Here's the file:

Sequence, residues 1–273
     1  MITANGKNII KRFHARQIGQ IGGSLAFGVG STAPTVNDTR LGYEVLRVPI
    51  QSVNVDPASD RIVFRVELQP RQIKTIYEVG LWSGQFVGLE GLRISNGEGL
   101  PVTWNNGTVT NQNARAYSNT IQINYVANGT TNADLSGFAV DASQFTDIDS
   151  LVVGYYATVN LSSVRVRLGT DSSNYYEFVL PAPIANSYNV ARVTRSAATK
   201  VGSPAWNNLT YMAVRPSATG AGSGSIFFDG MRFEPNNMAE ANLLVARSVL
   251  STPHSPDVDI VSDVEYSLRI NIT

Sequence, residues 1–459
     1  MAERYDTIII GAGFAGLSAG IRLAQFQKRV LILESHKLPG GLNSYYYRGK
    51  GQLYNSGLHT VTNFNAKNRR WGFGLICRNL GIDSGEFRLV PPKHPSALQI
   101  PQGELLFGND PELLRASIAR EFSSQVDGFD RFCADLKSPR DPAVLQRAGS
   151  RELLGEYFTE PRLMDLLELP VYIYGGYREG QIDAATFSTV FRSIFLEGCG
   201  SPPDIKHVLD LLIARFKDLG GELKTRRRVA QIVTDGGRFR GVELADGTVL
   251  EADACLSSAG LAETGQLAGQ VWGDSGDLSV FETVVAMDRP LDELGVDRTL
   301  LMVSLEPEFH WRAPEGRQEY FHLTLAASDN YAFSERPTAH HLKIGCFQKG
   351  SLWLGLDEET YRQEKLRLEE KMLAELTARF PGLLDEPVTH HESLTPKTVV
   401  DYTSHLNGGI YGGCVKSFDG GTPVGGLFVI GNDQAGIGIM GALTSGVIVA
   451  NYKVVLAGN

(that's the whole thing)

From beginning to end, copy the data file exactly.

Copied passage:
Sequence, residues 1–273
     1  MITANGKNII KRFHARQIGQ IGGSLAFGVG STAPTVNDTR LGYEVLRVPI
    51  QSVNVDPASD RIVFRVELQP RQIKTIYEVG LWSGQFVGLE GLRISNGEGL
   101  PVTWNNGTVT NQNARAYSNT IQINYVANGT TNADLSGFAV DASQFTDIDS
   151  LVVGYYATVN LSSVRVRLGT DSSNYYEFVL PAPIANSYNV ARVTRSAATK
   201  VGSPAWNNLT YMAVRPSATG AGSGSIFFDG MRFEPNNMAE ANLLVARSVL
   251  STPHSPDVDI VSDVEYSLRI NIT

Sequence, residues 1–459
     1  MAERYDTIII GAGFAGLSAG IRLAQFQKRV LILESHKLPG GLNSYYYRGK
    51  GQLYNSGLHT VTNFNAKNRR WGFGLICRNL GIDSGEFRLV PPKHPSALQI
   101  PQGELLFGND PELLRASIAR EFSSQVDGFD RFCADLKSPR DPAVLQRAGS
   151  RELLGEYFTE PRLMDLLELP VYIYGGYREG QIDAATFSTV FRSIFLEGCG
   201  SPPDIKHVLD LLIARFKDLG GELKTRRRVA QIVTDGGRFR GVELADGTVL
   251  EADACLSSAG LAETGQLAGQ VWGDSGDLSV FETVVAMDRP LDELGVDRTL
   301  LMVSLEPEFH WRAPEGRQEY FHLTLAASDN YAFSERPTAH HLKIGCFQKG
   351  SLWLGLDEET YRQEKLRLEE KMLAELTARF PGLLDEPVTH HESLTPKTVV
   401  DYTSHLNGGI YGGCVKSFDG GTPVGGLFVI GNDQAGIGIM GALTSGVIVA
   451  NYKVVLAGN